LEO Pharma Inc. is withdrawing the drug Picato (Ingenol mebutate), used to treat skin lesions, due to the potential increased risk of skin cancer

Starting date:
July 2, 2020
Posting date:
October 27, 2020
Type of communication:
Information Update
Subcategory:
Drugs
Source of recall:
Health Canada
Issue:
Product Safety
Audience:
General Public, Healthcare Professionals
Identification number:
RA-74195

Last updated:

Summary

  • Product: Picato (ingenol mebutate)
  • Issue: Using Picato may increase the risk of non-melanoma skin cancer.
  • What to do: Stop your treatment and talk to your healthcare professional about other treatment options. Monitor your skin for signs or symptoms of skin cancer.

Update: October 27, 2020

OTTAWA – At Health Canada’s request, LEO Pharma Inc. is withdrawing Picato from the Canadian market. This follows a safety review by the Department, which concluded that use of Picato may be associated with an increased risk of non-melanoma skin cancer, and that the benefits of using Picato no longer outweigh its potential risks.

Picato was approved for use on the skin (topically) in adults to treat actinic keratosis, a condition where thick, hard and scaly patches appear on skin that has been damaged by too much sun exposure.

On October 26, 2020, LEO Pharma Inc. initiated the recall of Picato from the Canadian market.

Health Canada is monitoring the effectiveness of the recall and is advising patients who are being treated with Picato to:

  • stop their treatment and contact their healthcare professional to discuss other treatment options;
  • monitor and immediately report to their healthcare professional any signs or symptoms of skin cancer, such as new scaly red patches on their skin, open sores, or elevated or warty growths within the treatment area, which could occur after stopping treatment; and
  • contact LEO Pharma Inc. at 1-800-263-4218 or medical-info.ca@leo-pharma.com if they would like more information about the recall or directions on how to dispose of the product.

LEO Pharma Inc. is advising healthcare professionals to:

  • not prescribe or dispense Picato; and
  • contact patients under their care who are currently being treated with Picato to:
  • tell them to stop treatment with Picato and review alternative treatment options; and
  • counsel patients to report signs or symptoms of skin cancer, such as new scaly red patches on their skin, open sores, or elevated or warty growths within the treatment area, which could occur after stopping treatment.

Health Canada has issued an additional communication for healthcare professionals.

History

July 2, 2020: Information Update - Use of the drug Picato may increase the risk of skin cancer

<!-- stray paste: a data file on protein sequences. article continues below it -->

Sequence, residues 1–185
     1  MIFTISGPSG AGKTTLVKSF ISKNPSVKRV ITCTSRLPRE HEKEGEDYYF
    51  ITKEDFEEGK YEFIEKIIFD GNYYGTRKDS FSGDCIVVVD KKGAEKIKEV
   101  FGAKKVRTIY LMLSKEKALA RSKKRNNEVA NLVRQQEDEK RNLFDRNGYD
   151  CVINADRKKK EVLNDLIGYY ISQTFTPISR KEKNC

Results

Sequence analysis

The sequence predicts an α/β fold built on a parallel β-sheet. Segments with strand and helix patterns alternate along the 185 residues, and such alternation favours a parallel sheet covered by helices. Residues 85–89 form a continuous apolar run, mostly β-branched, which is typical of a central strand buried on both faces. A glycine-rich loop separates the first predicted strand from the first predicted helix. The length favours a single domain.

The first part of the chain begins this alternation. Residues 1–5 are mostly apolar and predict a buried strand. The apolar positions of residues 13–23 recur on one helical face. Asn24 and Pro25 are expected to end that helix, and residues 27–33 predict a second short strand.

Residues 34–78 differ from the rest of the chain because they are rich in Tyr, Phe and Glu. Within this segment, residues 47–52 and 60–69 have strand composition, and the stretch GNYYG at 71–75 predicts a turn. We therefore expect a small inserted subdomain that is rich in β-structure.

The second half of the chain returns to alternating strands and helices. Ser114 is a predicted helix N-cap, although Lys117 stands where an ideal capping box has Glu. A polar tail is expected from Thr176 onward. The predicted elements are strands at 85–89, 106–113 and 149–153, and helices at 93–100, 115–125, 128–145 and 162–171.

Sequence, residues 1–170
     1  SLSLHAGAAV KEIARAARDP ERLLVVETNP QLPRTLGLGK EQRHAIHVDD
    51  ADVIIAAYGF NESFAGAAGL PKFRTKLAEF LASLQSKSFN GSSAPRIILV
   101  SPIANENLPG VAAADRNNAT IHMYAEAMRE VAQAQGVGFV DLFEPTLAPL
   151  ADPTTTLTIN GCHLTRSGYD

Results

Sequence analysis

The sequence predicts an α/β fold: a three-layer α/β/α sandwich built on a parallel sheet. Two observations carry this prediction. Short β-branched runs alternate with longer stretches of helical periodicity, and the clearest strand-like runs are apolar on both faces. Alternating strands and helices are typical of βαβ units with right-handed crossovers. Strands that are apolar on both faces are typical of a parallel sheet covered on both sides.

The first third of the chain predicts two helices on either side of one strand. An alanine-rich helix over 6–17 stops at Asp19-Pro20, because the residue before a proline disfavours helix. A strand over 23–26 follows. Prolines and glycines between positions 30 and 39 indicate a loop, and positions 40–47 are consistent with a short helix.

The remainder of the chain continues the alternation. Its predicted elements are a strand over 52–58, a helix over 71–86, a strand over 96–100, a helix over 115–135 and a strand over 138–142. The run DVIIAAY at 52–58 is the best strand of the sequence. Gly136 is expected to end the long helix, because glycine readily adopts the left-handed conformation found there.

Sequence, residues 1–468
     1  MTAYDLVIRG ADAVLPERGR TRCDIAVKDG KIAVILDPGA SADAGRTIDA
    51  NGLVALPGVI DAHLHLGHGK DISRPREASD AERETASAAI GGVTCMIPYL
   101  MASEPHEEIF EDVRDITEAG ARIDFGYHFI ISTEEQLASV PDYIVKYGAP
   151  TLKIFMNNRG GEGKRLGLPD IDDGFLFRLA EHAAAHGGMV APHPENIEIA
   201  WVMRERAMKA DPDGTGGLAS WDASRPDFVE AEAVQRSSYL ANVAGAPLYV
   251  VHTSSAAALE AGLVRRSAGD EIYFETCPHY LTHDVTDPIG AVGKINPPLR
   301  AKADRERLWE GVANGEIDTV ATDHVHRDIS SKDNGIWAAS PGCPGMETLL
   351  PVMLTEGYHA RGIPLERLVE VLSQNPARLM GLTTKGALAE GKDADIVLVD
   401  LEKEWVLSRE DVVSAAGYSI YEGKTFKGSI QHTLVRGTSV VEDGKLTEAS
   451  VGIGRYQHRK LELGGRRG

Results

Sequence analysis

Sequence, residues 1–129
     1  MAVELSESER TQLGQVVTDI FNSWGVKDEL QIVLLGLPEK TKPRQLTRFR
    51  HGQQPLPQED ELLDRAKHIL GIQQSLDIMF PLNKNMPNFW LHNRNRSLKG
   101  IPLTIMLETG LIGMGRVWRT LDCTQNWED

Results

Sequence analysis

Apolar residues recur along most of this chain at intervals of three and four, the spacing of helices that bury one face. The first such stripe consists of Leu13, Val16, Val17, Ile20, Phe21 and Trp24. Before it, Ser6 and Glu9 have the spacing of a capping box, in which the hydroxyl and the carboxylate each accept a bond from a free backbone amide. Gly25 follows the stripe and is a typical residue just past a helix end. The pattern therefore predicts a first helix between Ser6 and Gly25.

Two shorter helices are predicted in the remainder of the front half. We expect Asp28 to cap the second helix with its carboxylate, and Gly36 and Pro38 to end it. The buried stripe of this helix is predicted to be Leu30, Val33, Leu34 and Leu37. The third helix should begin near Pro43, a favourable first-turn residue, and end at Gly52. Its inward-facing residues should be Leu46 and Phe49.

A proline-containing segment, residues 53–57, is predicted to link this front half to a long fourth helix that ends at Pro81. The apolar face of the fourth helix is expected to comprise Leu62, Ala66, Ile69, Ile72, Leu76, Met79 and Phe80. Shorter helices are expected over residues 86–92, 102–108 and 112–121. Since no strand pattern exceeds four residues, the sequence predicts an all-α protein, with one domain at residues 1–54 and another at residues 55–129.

OTTAWA - Health Canada has found that there may be a link between the drug Picato and an increased risk of skin cancer. Health Canada undertook a safety review to examine this potential link after learning of new safety information from international clinical trials. The Department's review included information from clinical trials, Canadian and international case reports, scientific and medical literature and what is known about the use of this drug both in Canada and internationally.

Picato (ingenol mebutate) is a topical prescription drug used to treat adults with actinic keratosis, which causes thick, hard and scaly patches on skin damaged as a result of too much sun exposure. It is available in two strengths: 0.015% and 0.05%.

Since a potential link between the use of the medication and an increased risk of cancer has been established, Health Canada is now seeking additional information from the manufacturer to determine whether the benefits of Picato as a treatment option for actinic keratosis continue to outweigh its risks.

The Department will continue to monitor safety information involving Picato to identify and assess potential risks, as it does for all health products on the Canadian market and will take appropriate and timely action if new health risks are identified.

What consumers should do

  • Do not stop taking this medication without talking to your health care provider.
  • Talk to your health care provider if you have concerns about taking this medication.
  • Look for any new scaly red patches, open sores, elevated or warty growths where the medication is applied. If you find any, talk to your health care provider.
  • To reduce your risk of skin cancer, follow safety tips, such as covering up and limiting your time in the sun.
  • Report any health product adverse events or complaints to Health Canada.
  • Contact the company directly if you have questions about this medication:
    1-800-668-7234 or visit LEO Pharma.

What health care professionals should do

  • Consider the risk of serious adverse events before prescribing Picato.
  • As indicated in the product monograph, tell patients taking Picato to watch for the development of skin lesions where the medication is applied and to seek medical assistance if they occur. Lesions that are not clearly associated with actinic keratosis, or that may be cancerous, should be examined by a health care provider to determine the appropriate treatment.

Media enquiries

Health Canada
613-957-2983
hc.media.sc@canada.ca

Public enquiries

613-957-2991
1-866-225-0709